Criteria Elements
Market region Regional markets
Size Huge (More than 1 million visits)
Very Large (500,000 to 1 million visits)
Large (250,000 to 500,000 visits)
Medium (100,000 to 250,000 visits)
Small (Less than 100,000 visits)
Seasonality Low (perennial port; 4 peak months less than 40% of visits)
Average (4 peak months 40 to 60% of visits)
High (4 peak months 60 to 80% of visits)
Very high (4 peak months more than 80% of visits)
Function in itinerary Turn port; Call port
Accessibility Air hub port; Drive / Train to port
Attractiveness Marquee ("must see") port; "Discovery port"
Cruise Terminal Dedicated terminal; Dedicated pier; Tendering
Ownership and operations Public (port authority); Private; Concession
Local and regional integration Destination port; Gateway port; Balanced port
Typology of Cruise Ports
Several criteria can be used to characterize cruise ports and the role they play in their regional markets:
  • Market region. Cruise ports are part of a region that has a specific appeal and is commonly the destination (itinerary). The region relates to specific demand patterns (e.g. level, growth, seasonality). The Caribbean and the Mediterranean are basic cruise regions, but can be subdivided into subregions usually covered by standard 7 days itineraries (e.g. Eastern Caribbean or Eastern Mediterranean).
  • Size. A fundamental attribute since it indicates the level of activity and the importance of a cruise port in the cruise industry. Only a few cruise ports (around 12) have an annual traffic of more than 1 million visits (number of de-embarkations). Size is linked with the number of cruise ship calls, the facilities required to accommodate them and the impacts of cruises on the local economy. Nassau in the Bahamas is the world's most visited cruise port while Civitavecchia (near Rome) is the most visited in Europe.
  • Seasonality. An important differentiating factor as many cruise ports are only active during a specific period of the year while others are perennial cruise ports. A high seasonality implies that all the cruise visits take place within a few months. For instance, Alaskan, Baltic and Norwegian cruise ports are only visited from May to September.
  • Function in itinerary. Implies if a cruise port is a turn port or a call port. A turn port is where a cruise itinerary begins (and ends) and where passengers can embark a cruise ship for the first time. A call port is where passengers can temporarily disembark for a shore excursion or any other touristic activity. A turn port requires much more supporting infrastructure and services than a call port. For instance, an important airport is fundamental (usually within 45 minutes of the port), as well as an extensive accommodation structure (hotels, restaurants, malls, convention centers, parking areas). Also, cruise ships need to be supplied in food, fuel and stores, an activity that usually only takes place at a turn port. Fueling is however more flexible and cruise lines will elect for refueling where that can get lower prices and convenience.
  • Accessibility. Relates to how the customer base of a turn port is reached. Air hub ports are linked with major international airports facilities offering connections to a wide array of markets. For instance, Miami / Fort Lauderdale is connected to a large number of North and Latin American airports while it is easy to reach Rome or Barcelona from many European cities. Alternatively, there are drive / train to cruise ports that are accessible within a 2 to 4 hours drive. Ports likes Southampton, Galveston, New Orleans, Baltimore, Genoa and Marseille are notable drive / train to ports.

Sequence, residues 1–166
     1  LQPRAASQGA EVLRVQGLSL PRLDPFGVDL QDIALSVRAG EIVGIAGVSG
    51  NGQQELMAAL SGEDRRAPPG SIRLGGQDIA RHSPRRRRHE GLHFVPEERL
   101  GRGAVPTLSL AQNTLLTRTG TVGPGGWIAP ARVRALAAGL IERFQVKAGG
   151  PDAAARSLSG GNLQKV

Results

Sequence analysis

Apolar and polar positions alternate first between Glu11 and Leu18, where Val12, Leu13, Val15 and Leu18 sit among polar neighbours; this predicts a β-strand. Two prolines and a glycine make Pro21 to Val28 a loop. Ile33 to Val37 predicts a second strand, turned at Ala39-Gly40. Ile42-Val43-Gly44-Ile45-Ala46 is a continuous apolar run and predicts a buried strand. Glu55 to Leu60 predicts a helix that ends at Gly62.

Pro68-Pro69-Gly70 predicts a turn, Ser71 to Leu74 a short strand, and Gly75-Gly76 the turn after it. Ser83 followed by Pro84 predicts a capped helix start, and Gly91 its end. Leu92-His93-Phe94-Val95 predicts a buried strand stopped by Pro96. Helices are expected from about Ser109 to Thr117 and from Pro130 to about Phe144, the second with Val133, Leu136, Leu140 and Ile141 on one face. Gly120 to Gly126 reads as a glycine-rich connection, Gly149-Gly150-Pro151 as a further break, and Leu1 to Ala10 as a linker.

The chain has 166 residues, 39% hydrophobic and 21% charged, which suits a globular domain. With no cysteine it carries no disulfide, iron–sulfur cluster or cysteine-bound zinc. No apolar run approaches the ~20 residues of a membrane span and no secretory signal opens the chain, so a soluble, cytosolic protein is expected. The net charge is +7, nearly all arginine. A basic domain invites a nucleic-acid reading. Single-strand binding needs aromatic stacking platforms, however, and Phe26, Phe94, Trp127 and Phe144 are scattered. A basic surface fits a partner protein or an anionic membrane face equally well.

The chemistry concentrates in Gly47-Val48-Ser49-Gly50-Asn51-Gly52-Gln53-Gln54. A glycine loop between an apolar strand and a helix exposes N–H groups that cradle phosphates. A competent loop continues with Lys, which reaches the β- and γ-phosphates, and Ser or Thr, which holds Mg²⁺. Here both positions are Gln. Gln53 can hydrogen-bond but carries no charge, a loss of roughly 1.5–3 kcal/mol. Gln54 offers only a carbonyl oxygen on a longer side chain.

• Attractiveness. Since cruises are touristic operations, the attractiveness of a destination plays an important role. A marquee port is a "must see" venue that plays a key role in attracting customers for a cruise. The venue is often the main reason the cruise will be selected. A "discovery port" is a location that is less renowned but offer amenities that will be of appeal to cruisers.
  • Cruise terminal. The type of facility available to accommodate cruise ships. This ranges from dedicated terminals built solely to service cruise ships to simple tendering where passengers embark and disembark using tender boats. Tendering is used when there are no facilities available to dock cruise ships, when a cruise ship is too large to use existing facilities or when a pier is not available.
  • Ownership and operations. The stakes involved in the ownership and operation of the cruise terminal. Some cruise ports are privately owned while other are publicly owned, mostly through port authorities. Cruise terminals can also be concessionned.
  • Local and regional integration. There are three manners in which a cruise port has a level of integration its locality and region. For a destination cruise port the cruise port area is the sole destination. In the case of cities such as Venice and Barcelona, the cultural amenities been offered are world class to the point that tourists will have little incentives to see anything else in the vicinity. Alternatively, in some cases there may be safety and security issues outside the port area, which can be common in developing countries. A gateway cruise port acts as a technical stop since it offers no significant cultural or physical amenities, but grant access to a major touristic destination. For instance, the port of Civitavecchia is the gateway to Rome, one of the most visited cities in the world. A balanced cruise port represents an array of cruise ports where the port can be a destination, but excursions are also available. The balance between the gateway and destination functions varies according to what each port and its region has to offer.